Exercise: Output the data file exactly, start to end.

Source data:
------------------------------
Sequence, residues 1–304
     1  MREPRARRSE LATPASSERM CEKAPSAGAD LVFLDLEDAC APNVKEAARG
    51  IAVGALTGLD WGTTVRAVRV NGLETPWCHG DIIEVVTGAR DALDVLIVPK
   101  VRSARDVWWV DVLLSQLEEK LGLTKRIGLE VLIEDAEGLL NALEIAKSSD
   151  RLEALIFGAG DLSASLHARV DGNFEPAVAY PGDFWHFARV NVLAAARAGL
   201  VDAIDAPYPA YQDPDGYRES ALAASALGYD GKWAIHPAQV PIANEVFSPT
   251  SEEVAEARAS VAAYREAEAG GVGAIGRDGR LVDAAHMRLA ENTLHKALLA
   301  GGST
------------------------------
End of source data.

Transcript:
Sequence, residues 1–304
     1  MREPRARRSE LATPASSERM CEKAPSAGAD LVFLDLEDAC APNVKEAARG
    51  IAVGALTGLD WGTTVRAVRV NGLETPWCHG DIIEVVTGAR DALDVLIVPK
   101  VRSARDVWWV DVLLSQLEEK LGLTKRIGLE VLIEDAEGLL NALEIAKSSD
   151  RLEALIFGAG DLSASLHARV DGNFEPAVAY PGDFWHFARV NVLAAARAGL
   201  VDAIDAPYPA YQDPDGYRES ALAASALGYD GKWAIHPAQV PIANEVFSPT
   251  SEEVAEARAS VAAYREAEAG GVGAIGRDGR LVDAAHMRLA ENTLHKALLA
   301  GGST